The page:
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Journal of Philosophical Research

Volume 38, 2013

James McGray
Pages 323-332
DOI: 10.5840/jpr20133816

Silent Reading and Conceptual Confusion
A Wittgensteinian Approach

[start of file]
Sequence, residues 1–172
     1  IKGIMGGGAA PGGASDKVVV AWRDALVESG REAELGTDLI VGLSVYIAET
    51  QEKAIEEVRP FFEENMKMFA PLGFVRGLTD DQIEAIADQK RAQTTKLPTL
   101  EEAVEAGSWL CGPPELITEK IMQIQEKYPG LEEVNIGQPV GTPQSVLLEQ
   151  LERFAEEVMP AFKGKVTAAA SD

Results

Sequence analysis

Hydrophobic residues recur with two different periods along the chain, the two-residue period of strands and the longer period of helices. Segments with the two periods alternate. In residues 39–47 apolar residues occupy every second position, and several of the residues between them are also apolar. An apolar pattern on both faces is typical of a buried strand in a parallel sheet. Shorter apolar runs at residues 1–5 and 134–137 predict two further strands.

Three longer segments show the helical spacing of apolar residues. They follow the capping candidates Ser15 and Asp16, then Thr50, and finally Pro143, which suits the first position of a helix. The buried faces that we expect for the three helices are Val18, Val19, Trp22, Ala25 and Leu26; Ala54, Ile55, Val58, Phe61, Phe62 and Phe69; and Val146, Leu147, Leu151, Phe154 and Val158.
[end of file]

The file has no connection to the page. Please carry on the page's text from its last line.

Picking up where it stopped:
Silent reading is markedly different from loud reading. For loud reading it is necessary that the spoken words match the printed or written words in accord with rules of pronunciation and grammar. Ordinarily, a loud reader can repeat or describe what he has read, but the acquisition of this ability is not necessary for loud reading. However, for silent reading it is necessary that the reader can repeat or describe the printed or written words that he has read. Inner voicing may be part of the experience of silent reading, but it isn’t necessary.

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